|In case you haven’t seen it, here is a ’new year’ notice circulated to us by the local Lib Dems …………………………………………………………………………………………………………….|
1st of January 2023
As Christmas turns to New Year, Cambridge City Council is approaching some controversial decisions in its budget.
At risk of disturbing your festivities, I wanted to alert you to some of these – as there is an opportunity for residents to express their point of view before decisions are taken. Three items we have singled out are:
Closing Public Toilets These are an essential, if not glamorous aspect of what a council provides – because no-one else will! Labour councillors want to close the conveniences on Quayside (the only ones on the west side of the city centre), Chesterton Road (without any plan to improve the inadequate block on Jesus Green nearby) and Mill Road (where there are no nearby alternatives). They also want to limit opening to weekends on the recreation grounds at Chesterton, Coleridge, Romsey and Midsummer Common. In a city which thrives from its shoppers and visitors, how come public loos are such a low priority that when cutbacks are in the air, they come to the fore? Apart from their use to everyone on occasion, public loos are especially important to the elderly, pregnant mothers, those with disabilities, parents of small children and those making full use of public open spaces.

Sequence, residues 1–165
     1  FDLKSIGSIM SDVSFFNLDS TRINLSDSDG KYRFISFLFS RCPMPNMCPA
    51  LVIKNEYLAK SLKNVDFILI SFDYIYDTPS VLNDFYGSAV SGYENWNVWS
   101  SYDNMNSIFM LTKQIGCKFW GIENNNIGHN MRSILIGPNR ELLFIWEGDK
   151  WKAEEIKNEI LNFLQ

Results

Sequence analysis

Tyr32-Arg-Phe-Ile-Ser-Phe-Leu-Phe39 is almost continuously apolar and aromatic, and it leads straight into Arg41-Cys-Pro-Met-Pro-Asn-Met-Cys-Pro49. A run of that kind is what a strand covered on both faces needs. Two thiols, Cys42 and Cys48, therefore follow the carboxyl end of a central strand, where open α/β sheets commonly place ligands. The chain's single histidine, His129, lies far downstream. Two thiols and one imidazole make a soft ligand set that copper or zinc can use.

Reducing the Environmental Enforcement Team Where there are rules for the benefit of the community, there needs to be an effort to enforce them – or they don’t get taken seriously. This applies to dropping litter, fly tipping, controlling dogs in public places, lighting BBQs on the grass, punt touting and commercial ‘A’ Boards on pavements. Few could claim these are all well under control, but Labour’s proposal is to reduce the officers from 7 to 6 and have those remaining only patrolling in pairs. When you take account of the size of the city and the need for weekend and summer evening patrols, we can expect only negligible attention anywhere – including where we need it locally and across the rest of the city! This is another core council responsibility: cutting it back is sure to result in lower standards.
Discontinuing the ‘Big Weekend’ This free annual summer event on Parker’s Piece brings the whole city together in a way little else does. The way it integrates and celebrates the city’s Asian community through the ‘Mela’ is especially valuable. It is natural for the cost of the event to come under scrutiny in times like these, but it seems shortsighted simply to abandon it, without a serious attempt to seek sponsorship for it, or failing that, to commercialise it whilst avoiding high cost entry.
If you feel more thought is needed before these measures are agreed, please say so in the council’s consultation survey – focusing on Question 10. But do act now, as the opportunity closes on January 10th at noon. Go to: https://cambridge.citizenlab.co/en-GB/projects/draft-budget-2023-24